The United States Senate is scheduled to deal with HR1, the American Recovery and Reinvestment Act of 2009, at 2 pm Monday February 2, 2009. By a count from the senate website there are 56 Democrats, 1 independent, 1 independent Democrat and 41 Republicans currently seated. For matters only requiring a simple majority vote to pass party line votes give victories to the Democratic majority. For voting requiring 3/5 or 2/3 majorities a party line vote alone won’t get it done.
Without covering all the possibilities and/or procedures like filibusters and cloture it is fair to say some of that will have to come into play to stop the passage of HR1. The view from this blog finds stated opposition of the bill by the GOP as the only event in which Republicans have tried to stand their ground since the November 2008 elections or longer. Rubber stamping confirmations of White House nominations is the other notable activity of the GOP so far this year.
Based on the report below and Senator Kyl’s record during the shamnesty votes of 2007 little confidence is found in his statements or assessment. For the same reasons Senator DeMint instills more confidence than the former. These are truly defining moments for the GOP and perhaps the DNC as well. By the end of the first 100 days of the Obama Administration, a typical early measure of US Presidents, one party or the other will have the upper hand. The Democratic party majority in Congress and a Democrat in the White House do not make it a foregone conclusion.
One note on the comment of Barney Frank in the story below indicating he never saw ‘ a tax cut fix a bridge.’ As little attention as liberals ever direct to tax cuts it would be easy to say that is the reason for his statement. But it shows his failure or refusal to understand the numbers. Governments do not create wealth. Free people and free markets do. Allowing the private sector to use more of the wealth created to expand economies and jobs through tax cuts also increases revenue to the government. That Mr Frank is how a tax cut fixes a bridge without extra burden on taxpayers. He also failed to tell you that massive spending by the government during these economic hard times will require tax increases afterwards.
It is better to equip the private sector to drive the economy rather than fund short sighted jobs bills with taxpayer money for the reasons stated. But we will see who wins the arguments and how many others the GOP is able to convince to vote against HR1 in its current form.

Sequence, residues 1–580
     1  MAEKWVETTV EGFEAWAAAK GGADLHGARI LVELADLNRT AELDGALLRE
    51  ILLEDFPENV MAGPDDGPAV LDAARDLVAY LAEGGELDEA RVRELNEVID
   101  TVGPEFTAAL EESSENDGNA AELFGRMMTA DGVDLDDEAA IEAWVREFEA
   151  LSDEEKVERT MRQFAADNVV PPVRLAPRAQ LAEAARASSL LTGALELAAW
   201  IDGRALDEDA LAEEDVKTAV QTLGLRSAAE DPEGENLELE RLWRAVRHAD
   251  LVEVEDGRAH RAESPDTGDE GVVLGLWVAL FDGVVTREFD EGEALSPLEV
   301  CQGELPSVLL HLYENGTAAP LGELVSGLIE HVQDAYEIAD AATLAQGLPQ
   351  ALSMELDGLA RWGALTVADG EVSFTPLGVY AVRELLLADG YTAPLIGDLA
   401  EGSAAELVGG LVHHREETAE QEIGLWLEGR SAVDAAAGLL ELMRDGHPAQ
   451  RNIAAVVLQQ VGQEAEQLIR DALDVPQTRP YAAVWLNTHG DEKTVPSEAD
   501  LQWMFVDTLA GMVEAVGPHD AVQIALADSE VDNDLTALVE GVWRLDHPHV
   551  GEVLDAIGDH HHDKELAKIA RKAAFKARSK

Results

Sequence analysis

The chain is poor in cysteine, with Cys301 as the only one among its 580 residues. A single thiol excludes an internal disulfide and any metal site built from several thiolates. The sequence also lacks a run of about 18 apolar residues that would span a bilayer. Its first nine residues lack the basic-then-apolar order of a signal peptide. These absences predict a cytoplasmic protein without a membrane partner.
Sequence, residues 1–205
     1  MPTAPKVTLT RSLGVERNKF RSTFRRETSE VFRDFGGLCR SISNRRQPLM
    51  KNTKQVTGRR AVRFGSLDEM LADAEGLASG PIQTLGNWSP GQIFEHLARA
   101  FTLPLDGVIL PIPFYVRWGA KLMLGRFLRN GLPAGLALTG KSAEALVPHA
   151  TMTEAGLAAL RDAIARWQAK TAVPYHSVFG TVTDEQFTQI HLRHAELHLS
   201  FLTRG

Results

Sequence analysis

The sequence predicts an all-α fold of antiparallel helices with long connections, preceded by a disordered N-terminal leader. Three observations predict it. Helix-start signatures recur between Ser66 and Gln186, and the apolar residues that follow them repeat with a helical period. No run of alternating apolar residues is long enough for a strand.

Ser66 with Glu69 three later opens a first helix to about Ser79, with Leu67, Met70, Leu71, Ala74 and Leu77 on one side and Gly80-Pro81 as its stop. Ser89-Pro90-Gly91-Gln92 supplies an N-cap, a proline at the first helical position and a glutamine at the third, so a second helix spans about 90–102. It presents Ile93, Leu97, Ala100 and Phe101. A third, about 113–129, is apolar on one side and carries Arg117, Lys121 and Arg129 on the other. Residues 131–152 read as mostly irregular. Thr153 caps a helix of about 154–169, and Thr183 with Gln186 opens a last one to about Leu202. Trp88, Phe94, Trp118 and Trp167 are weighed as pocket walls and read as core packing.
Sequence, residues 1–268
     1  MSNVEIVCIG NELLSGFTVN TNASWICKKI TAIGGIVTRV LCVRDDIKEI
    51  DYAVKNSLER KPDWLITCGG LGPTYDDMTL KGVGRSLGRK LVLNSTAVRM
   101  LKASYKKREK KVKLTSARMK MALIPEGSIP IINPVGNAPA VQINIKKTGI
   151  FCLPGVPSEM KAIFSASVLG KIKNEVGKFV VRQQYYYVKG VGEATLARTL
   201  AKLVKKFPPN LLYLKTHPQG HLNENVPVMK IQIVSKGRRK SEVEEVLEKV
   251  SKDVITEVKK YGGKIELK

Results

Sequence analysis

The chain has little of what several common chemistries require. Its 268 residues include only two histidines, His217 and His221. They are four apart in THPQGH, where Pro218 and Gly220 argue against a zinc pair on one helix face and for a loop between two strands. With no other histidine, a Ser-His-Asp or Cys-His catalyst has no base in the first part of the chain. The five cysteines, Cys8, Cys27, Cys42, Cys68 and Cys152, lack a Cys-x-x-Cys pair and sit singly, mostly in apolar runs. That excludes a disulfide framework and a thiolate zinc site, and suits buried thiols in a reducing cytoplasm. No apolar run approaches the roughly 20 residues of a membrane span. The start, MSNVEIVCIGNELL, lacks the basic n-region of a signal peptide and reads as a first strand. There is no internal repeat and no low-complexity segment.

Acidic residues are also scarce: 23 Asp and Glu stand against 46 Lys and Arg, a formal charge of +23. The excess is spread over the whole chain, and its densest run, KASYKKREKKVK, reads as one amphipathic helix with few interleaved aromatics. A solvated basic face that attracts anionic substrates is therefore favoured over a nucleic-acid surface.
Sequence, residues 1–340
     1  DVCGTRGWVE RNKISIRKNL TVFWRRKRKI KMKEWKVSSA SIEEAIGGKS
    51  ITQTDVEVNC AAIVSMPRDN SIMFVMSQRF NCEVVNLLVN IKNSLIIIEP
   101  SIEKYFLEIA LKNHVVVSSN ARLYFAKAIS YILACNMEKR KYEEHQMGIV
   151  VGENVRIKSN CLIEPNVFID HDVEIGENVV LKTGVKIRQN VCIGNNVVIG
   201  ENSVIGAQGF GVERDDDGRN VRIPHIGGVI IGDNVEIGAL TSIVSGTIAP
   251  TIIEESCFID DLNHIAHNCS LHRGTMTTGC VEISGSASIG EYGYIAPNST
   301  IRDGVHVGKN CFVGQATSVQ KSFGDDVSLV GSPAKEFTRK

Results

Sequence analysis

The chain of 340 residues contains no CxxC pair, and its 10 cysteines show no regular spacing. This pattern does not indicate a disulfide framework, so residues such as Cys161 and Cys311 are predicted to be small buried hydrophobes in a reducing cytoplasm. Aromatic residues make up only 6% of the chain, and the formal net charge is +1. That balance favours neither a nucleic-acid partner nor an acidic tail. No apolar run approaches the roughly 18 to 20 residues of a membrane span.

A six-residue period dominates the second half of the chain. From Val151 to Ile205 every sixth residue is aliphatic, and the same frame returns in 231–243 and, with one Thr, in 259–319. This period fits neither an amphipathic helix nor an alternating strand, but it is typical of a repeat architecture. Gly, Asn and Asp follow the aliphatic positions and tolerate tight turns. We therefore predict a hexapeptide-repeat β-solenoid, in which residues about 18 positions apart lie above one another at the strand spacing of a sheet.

|US Republican Senators Threaten to Block Economic Bill|
01 February 2009
Opposition Republican Party senators are warning they likely will vote against U.S. President Barack Obama’s economic stimulus plan unless it is revised to create more jobs.
The party’s second-ranking Senate member, Jon Kyl of Arizona, told U.S. television Fox News Sunday the legislation needs to be reconstructed. Kyl and other Republicans say the estimated $820-billion bill wastes money on programs that will not stimulate the economy. They are calling for more tax cuts and infrastructure building.
Another influential Republican senator, Jim DeMint of South Carolina, called the legislation a “spending plan,” not a “stimulus plan.” He said on ABC’s This Week it is “temporary” and “wasteful.”
The other chamber of Congress, the House of Representatives, already has approved the plan. The Senate is to begin debating the legislation this week.
President Obama says the stimulus plan is necessary to save or create three million jobs.
Democratic Senator Dick Durbin of Illinois expressed support for Mr. Obama’s plan in a television interview on Fox News. He said lawmakers need to pull together and avoid delaying the rescue plan further, because the United States is facing one of the most serious economic crises in its history.
Representative Barney Frank, Democrat of Massachusetts, also defended the bill he voted for last week. Frank said the package includes necessary spending on infrastructure, like bridges. He said sarcastically that he never saw a “tax cut fix a bridge.”
The U.S. economy – the world’s biggest – is in a recession. The country lost 2.6 million jobs last year and already has seen tens of thousands more layoffs this year.
Some information for this report was provided by AFP and Reuters.